Eugene in Lane County, Oregon — The American West (Northwest)
The Applegate Trail
Southern Route to Oregon
In 1846, Jesse Applegate and fourteen others from near Dallas, Oregon, established a trail south from the Willamette Valley and east to Fort Hall. This route offered emigrants an alternative to the perilous “last leg” of the Oregon Trail down the treacherous Columbia River.
The first emigrants to trek the new “Southern Road” left with the trailblazers from Fort Hall in early August 1846. With Levi Scott acting as guide, while Jesse Applegate traveled ahead to mark the route, the hardy emigrants blazed a wagon trail through nearly 500 miles of wilderness arriving in the upper Willamette Valley in November. Emigrant travel continued along the Applegate Trail in later years and contributed greatly to the settlement of southern Oregon and the Willamette Valley.
The Applegate Trail spit into two routes in the northern Umpqua Valley. The eastern route, established in 1846 by Jesse Applegate, Levi Scott, Moses “Black” Harris
Lane County’s Applegate Trails
The Applegate Trail evolved into two separate routes in Lane County. The western route, originally a trappers’ trail, followed the Long Tom River and eventually became the preferred route of the Applegate Trail. The eastern route, however, carried the first Applegate Trail emigrants. This route was established in 1846 by Levi Scott, Moses “Black” Harris, Cornelius Gilliam and others from Polk county. Leaving the old trappers’ trail, the explorers cut across to what are today Eugene and Cottage Grove. They managed to find a new route across the Calapooya Mountains and into the Umpqua Watershed before the expedition collapsed. Returning for reinforcements, Jesse Applegate assumed leadership and together with fourteen others successfully linked the route with the main California Trail. The top of nearby Skinner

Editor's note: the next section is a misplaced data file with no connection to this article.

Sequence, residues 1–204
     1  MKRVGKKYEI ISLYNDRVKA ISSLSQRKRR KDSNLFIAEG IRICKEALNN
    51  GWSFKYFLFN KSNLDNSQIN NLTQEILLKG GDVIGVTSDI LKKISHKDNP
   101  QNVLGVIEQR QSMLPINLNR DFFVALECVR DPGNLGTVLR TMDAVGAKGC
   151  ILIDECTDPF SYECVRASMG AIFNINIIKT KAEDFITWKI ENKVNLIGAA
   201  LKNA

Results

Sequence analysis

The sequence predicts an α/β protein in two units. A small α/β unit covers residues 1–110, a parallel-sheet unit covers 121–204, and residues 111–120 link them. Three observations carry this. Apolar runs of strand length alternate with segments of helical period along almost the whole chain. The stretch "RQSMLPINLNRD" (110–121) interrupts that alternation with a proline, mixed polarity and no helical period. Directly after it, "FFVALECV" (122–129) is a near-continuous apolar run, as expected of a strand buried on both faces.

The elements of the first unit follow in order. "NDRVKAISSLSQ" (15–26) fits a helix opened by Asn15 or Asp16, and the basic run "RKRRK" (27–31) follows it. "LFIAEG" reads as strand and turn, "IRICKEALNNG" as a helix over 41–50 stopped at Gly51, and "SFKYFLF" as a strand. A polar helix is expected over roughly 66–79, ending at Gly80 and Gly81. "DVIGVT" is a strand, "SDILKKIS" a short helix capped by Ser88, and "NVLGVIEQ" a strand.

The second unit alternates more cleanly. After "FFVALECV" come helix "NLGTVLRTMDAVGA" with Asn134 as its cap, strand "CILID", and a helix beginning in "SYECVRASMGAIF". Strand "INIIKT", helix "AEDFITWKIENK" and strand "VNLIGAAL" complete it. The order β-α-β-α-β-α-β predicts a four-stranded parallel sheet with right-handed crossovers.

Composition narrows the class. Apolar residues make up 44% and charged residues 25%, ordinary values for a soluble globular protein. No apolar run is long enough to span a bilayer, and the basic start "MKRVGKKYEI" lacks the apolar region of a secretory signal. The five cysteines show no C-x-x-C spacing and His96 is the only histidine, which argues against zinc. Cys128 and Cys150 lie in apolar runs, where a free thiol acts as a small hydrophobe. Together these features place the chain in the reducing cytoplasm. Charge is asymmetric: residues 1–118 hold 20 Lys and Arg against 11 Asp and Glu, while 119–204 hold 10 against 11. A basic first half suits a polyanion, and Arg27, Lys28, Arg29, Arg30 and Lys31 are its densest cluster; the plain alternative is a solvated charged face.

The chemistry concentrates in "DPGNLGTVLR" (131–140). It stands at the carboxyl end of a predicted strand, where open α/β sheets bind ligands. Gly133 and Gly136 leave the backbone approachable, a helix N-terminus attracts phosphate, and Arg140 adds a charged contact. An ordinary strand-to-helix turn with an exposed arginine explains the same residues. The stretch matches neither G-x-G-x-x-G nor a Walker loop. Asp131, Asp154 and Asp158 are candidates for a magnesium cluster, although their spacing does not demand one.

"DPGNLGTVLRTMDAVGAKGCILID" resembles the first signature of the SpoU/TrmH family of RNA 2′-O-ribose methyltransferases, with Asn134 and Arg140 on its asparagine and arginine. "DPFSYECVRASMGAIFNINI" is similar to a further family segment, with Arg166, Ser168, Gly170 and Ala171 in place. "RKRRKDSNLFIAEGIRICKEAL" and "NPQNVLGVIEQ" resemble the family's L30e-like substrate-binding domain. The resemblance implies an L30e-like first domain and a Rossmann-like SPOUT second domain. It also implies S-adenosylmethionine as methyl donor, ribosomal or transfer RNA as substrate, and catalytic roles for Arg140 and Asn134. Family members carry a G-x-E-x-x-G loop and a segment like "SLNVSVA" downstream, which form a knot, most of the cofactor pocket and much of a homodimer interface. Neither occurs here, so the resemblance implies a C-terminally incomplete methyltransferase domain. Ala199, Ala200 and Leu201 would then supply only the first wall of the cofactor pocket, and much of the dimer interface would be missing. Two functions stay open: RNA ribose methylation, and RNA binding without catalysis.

….we traveled along the base of the Calapooias, our course being nearly southeast, passing near a prominent peak since called Spencer’s Butte…..One of our party succeeded in capturing an old Indian, and representing to him by signs the course we wished to follow, the old fellow preceded us two or three miles, and put us on a dim trail which had been marked by twisting the tops of the brush along the route. It had only been used as a foot-trail and but seldom at that.
Recollections of 1846
Erected by Applegate Trail Coalition.
Topics and series. This historical marker is listed in these topic lists: Roads & Vehicles • Settlements & Settlers. In addition, it is included in the Applegate Trail series list.
Location. 44° 3.644′ N, 123° 5.838′ W. Marker is in Eugene, Oregon, in Lane County. Marker is at the intersection of Cheshire Ave and N Lincoln St, on the right when traveling west on Cheshire Ave. Touch for map. Marker is in this post office area: Eugene OR 97401, United States of America. Touch for directions.
Other nearby markers. At least 8 other markers are within 2 miles of this marker, measured as the crow flies. Genesis of a City (a few steps from this marker); Eugene Skinner Settled Here in 1846 (a few steps from this marker); Eugene SkinnerSite of First Cabin in Eugene (approx. ¼ mile away); Shelton – McMurphey House (approx. 0.4 miles away); A.W. and Amanda Patterson Home (approx. 1.2 miles away); Patterson Home Site / Animal House (approx. 1.2 miles away); The Collier House (approx. 1½ miles away). Touch for a list and map of all markers in Eugene.
More about this marker. These interpretive displays are two of four located in front of the Eugene Skinner replica cabin within Skinner Butte Park.
Credits. This page was last revised on April 26, 2018. It was originally submitted on April 25, 2018, by Douglass Halvorsen of Klamath Falls, Oregon. This page has been viewed 85 times since then and 14 times this year. Photos: 1, 2, 3, 4. submitted on April 25, 2018, by Douglass Halvorsen of Klamath Falls, Oregon. • Andrew Ruppenstein was the editor who published this page.